(by Claudine Quigley-Piechotta )
“I’m going to Giant,” I yell up the cluttered stairs of our Pennsylvania farmhouse that clearly haven’t seen a vacuum in at least a week. “God, I effing hate it,” I murmur under my breath.
The thought of mouth-breathing into my Covid-19 mask for the next hour sends
me into a minor state of panic. If I ever had any enthusiasm for grocery shopping before the pandemic, I have absolutely zero now. At least in the pre-Covid days, I could pause on aisle 7 and ponder the ingredients panel on the back of a cereal box, or even exchange pleasantries with a friend after Zumba class while bagging avocados with my gloveless hands. Now it’s like mission impossible. Get in, don’t make eye contact, grab your provisions, and get out.
Disgruntled with the task ahead that I alone seem to have inherited as the matriarch, I hit the landing and yell more deliberately up the stairs. “Hello, girls? I’m going to Giant. Do you want anything—anything specific?” "Specific" being the operative word here because I already know the answer to my question. My 18-year-old daughter’s response will be hopelessly vague: “I don’t know…food?” Clearly, we never have anything to eat in the house, despite the fact that my grocery excursions result in an “end of days”-like stock-up of all cupboards, fridges, and freezers, meticulously cleansed with disinfecting wipes. I sometimes wonder if these girls could have survived on bread and salt, like my mother-in-law did, growing up in Berlin during World War II.
I suppose we all rise to the occasion at hand. “Snacks, please,” comes the anticipated and enthusiastic response from my 14-year-old daughter. Well, that’s predictable. And because I don’t want to see the inside of Giant for at least another ten days, I will oblige, against my better judgment, and return with a plethora of chips, popcorn, and other useless and un-nutritious goodies.
“Can you just get some food…for lunch, you know, thanks,” exclaims my high school senior, through a cracked open bedroom door, before returning to her room and Physics Zoom call in her pajamas. These are indeed weird times. Who am I kidding? I’m wearing my pajama pants too. But I’ll be incognito in that mask and gloves, right? Maybe dark glasses are in order today. The kitchen clock reads 2:53 p.m. as I head out the door. How on earth did it get that late, what have I done all day, and what am I going to make for dinner tonight?
The vicious circle continues, and guilt overcomes me. With the extra time on my hands during this unprecedented pandemic, I should be dusting off one of the 18 cookbooks on my shelf and whipping up some culinary genius that I can post to Facebook later. Or maybe I should bake a cake. But it should be something daring, time-consuming, and exceptional. Or maybe we should revisit “pasta from scratch” night. That was educational and bonding, and the pasta was freaking fabulous—at least my husband and I concurred, slurping noodles at 9 p.m. on a Tuesday night. But neither daughter was overwhelmed because the “texture was weird, and they felt like worms.”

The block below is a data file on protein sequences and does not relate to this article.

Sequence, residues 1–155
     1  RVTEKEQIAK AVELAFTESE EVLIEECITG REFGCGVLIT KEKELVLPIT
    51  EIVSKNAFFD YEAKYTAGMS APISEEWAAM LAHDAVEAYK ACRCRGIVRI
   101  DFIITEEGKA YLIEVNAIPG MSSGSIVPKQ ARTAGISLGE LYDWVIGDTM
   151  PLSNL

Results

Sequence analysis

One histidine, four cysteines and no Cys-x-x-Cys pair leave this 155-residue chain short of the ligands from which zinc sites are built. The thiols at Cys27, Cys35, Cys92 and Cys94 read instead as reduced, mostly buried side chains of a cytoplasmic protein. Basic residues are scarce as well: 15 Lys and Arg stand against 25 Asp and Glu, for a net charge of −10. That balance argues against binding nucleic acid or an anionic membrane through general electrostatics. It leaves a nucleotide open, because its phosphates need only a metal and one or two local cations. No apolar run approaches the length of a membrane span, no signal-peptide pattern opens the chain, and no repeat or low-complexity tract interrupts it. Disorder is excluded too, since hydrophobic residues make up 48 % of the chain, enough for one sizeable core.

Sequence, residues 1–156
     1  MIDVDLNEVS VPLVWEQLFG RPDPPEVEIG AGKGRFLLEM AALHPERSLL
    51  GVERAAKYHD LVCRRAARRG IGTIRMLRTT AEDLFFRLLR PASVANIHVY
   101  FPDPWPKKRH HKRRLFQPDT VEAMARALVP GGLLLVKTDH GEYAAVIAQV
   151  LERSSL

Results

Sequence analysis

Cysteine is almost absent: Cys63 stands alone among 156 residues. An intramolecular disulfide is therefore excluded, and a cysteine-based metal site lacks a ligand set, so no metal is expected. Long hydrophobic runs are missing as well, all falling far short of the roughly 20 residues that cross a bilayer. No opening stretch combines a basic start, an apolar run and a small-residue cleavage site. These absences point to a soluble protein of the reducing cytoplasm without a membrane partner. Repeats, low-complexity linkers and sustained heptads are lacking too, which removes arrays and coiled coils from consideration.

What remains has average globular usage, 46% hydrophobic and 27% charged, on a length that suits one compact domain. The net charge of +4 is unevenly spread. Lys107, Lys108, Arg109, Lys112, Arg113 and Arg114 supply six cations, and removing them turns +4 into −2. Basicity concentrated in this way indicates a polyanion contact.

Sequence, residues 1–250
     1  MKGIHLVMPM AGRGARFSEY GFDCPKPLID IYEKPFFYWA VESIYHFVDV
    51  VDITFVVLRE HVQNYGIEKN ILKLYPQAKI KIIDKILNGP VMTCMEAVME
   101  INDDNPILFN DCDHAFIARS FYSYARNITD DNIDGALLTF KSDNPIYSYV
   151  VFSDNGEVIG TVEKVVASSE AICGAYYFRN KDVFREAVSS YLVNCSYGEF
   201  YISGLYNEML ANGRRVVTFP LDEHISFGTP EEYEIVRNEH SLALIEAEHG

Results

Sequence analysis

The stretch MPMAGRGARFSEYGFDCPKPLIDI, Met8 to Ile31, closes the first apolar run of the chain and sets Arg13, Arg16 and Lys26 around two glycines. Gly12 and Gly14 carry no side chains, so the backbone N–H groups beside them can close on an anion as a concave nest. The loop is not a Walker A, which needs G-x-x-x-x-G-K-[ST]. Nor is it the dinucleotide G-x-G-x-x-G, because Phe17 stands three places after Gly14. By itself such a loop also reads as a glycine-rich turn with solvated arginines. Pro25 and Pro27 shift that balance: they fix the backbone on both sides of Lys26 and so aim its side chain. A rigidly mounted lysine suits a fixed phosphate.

Maybe tonight we will support our favorite Vietnamese restaurant, ordering some rice vermicelli with spring rolls, washing it down with a bottle of Bogle. Better still, maybe if I pull everything out of the liquor cabinet, I might find a forgotten bottle of cabernet hiding in there somewhere, and I can forgo the shopping expedition altogether. That’s the new plan, I decide as I hang my keys back on the rack and toss my mask thankfully back into my purse. Even better: I think the Vietnamese restaurant delivers.
Tomorrow I’ll go to Giant.
Claudine Quigley-Piechotta is a performer/director/writer and children/teen acting coach who lives in Bucks County, Pennsylvania. She also plans private events at the historic Doylestown Inn. She can be found at Backstage.
Piechotta Family German Apple Cake
4 c. apples, peeled, cored, and diced (choose mix of sweet and tart varieties)
2 t. cinnamon
1/2 t. ground ginger
1/4 c. salted butter, melted
3/4 c. applesauce
1 1/2 c. granulated sugar
2 t. vanilla extract
2 c. flour
1 t. baking soda
1/2 t. salt
1/4 t. pumpkin pie spice
1/4 t. nutmeg
1/2 c. butter
1/2 c. brown sugar
1/4 c. heavy whipping cream
Toss apples with 1/2 t. cinnamon and 1/4 t. ginger.
Refrigerate apples while preparing the rest of the recipe.
Preheat oven to 350 F.
In an electric mixer, combine eggs, melted butter, and applesauce.
Mix on high for 5 minutes.
Add sugar and vanilla extract, and beat well. Set aside.
In a separate bowl, sift together flour, baking soda, salt, remaining cinnamon, remaining ginger, pumpkin pie spice, and nutmeg.
Slowly add flour mixture to egg mixture, and beat slowly, scraping sides of the bowl.
Fold in diced apples.
Pour batter into a greased and floured 9-inch springform pan.
Shake sides to make sure batter is evenly distributed.
Bake for approximately 45 minutes or until a toothpick inserted in center comes out clean.
For optional glaze:
Combine all ingredients in a saucepan, and heat until mixture starts to bubble.
Pour over cooled cake.